Edited by: Jessica Merritt
& Juan Ruiz
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With so many ways to pay for things these days — including cash, check, debit, credit, and many online payment processing systems — it can almost be overwhelming trying to determine which one to use.
This decision-making can be intensified even more if there are rewards involved … which leads to the question: which is better to use, charge cards or credit cards?
While most small plastic cards may all look similar, there are some pretty significant differences between them. This is also true for credit cards and charge cards.
Though the names “credit card” and “charge card” are often used interchangeably, there are some distinct variations between them. One may be much better than the other depending on what you plan to use the card for and how you plan to pay the balance.
So, what’s really in your pocket?
The definition of a credit card is a card issued by a financial institution that enables the cardholder to borrow funds to make purchases.
The credit card issuer may also grant a line of credit to the credit card holder, which allows them to borrow money in the form of a cash advance. The cardholder will typically be able to transfer funds into his or her bank account, using funds as a check or cash to pay bills and make purchases.
For an individual or business to be approved for a credit card, the issuer will usually check the applicant’s credit to determine whether or not they are a good candidate for paying back borrowed funds.
If the credit card applicant is approved, the issuer will typically determine preset borrowing limits.
For instance, a cardholder with a low credit score may only have a credit limit of $500 or $1,000, while one with a high credit score may be able to use $10,000, $50,000, or more. In some cases, a cardholder may have an unlimited amount of credit they can access using the card!
A large or unlimited credit line can bode well for business owners and executives who may spend a great deal each month on inventory, overhead, travel, and supplies — all of which can be paid for using a credit card. It can also help to build up a significant points or rewards balance.
Many credit cards allow the balance to “roll over” from month to month as long as the cardholder makes a minimum payment. But interest will accrue on the unpaid balance.
Charge cards work differently from credit cards, though they may look the same. With a charge card, there is typically no interest charged to the cardholder. This is because users of charge cards are often required to pay off their balance in full each month.
Also, charge cards are often branded cards only accepted where the issuing company or retailer does business. For instance, if you have a Home Depot charge card, you generally won’t be able to use it to make purchases at other retailers.
To be approved for a charge card, a credit application must be submitted. Charge card issuers will usually only accept applicants who have good or excellent credit scores.
If a payment is late, the company will report the missed payment to the credit bureaus, which will negatively impact your credit score.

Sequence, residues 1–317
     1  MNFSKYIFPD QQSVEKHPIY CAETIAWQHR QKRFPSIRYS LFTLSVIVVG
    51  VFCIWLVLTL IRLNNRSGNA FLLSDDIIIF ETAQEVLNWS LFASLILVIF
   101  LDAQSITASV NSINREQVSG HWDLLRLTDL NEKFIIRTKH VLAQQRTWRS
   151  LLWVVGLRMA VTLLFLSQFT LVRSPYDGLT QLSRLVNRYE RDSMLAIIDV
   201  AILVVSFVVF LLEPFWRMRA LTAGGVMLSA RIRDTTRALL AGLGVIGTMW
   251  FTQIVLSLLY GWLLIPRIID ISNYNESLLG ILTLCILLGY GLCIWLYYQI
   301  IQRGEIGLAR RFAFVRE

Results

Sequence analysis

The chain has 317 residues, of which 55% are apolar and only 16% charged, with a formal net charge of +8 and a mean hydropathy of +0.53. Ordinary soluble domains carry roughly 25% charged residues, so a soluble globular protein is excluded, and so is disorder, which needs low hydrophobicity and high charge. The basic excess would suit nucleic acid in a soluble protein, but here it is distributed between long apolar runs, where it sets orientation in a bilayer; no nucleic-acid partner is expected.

Similar to credit cards, many charge cards offer points or rewards programs. So the more purchases that are made using the card, the more the rewards can rack up.
Having a credit card can provide a great deal of flexibility when purchasing items and services just about everywhere. For example, if you have a Visa or a Mastercard, these credit cards are accepted almost anywhere around the world.
There are many credit cards, such as the Chase Sapphire Preferred® Card and the Chase Sapphire Reserve®, that offer some great rewards — and the more you spend, the higher your rewards balance can grow! Credit cards can offer various benefits and rewards, such as double or triple points if the card is used for travel or dining expenses.
You’re not required to pay off the balance in full each month, so using a credit card can provide more control over your monthly budget. But be careful, because credit card interest charges can snowball!
On the other hand, charge cards may offer a high credit limit or no preset spending limit, which can come in handy for large purchases — as long as you can pay them off each month.
Many charge cards are branded cards that can only be used at specific retailers or service providers, such as gas stations and retail stores. That can be beneficial if you frequently shop with those stores and earn rewards or discounts by using the card. But you’re limited in use compared to most credit cards — such as Visa, Mastercard, and American Express — which are typically accepted almost anywhere.
There are a number of pros and cons to using charge cards that it’s important to understand. You might find that the cost of using a charge card will outweigh the benefits.
In many ways, charge cards work similarly to credit cards. Like a credit card, charge cards can be used for making purchases in lieu of using cash or a check.
But while a credit card usually has a set limit on the amount you can spend, a charge card may not. That’s because the entire balance is due every month when you use a charge card.
And because you can’t carry a balance with a charge card, there is no interest rate unless you miss your payment.
Without the option for a revolving balance, charge cards don’t count toward your credit utilization ratio, which is a measure of how high your balances are in comparison to your credit limits.
Hot Tip: Over time, charge cards have become less common, and most major financial institutions only offer credit cards.
While charge cards are not as popular as they once were, there are still several different types of charge cards available today. These include:
Similar to using credit cards, your charge card usage can have an impact on your credit score.
For example, if you pay off your charge card balance on time every month, then your credit score is likely to increase.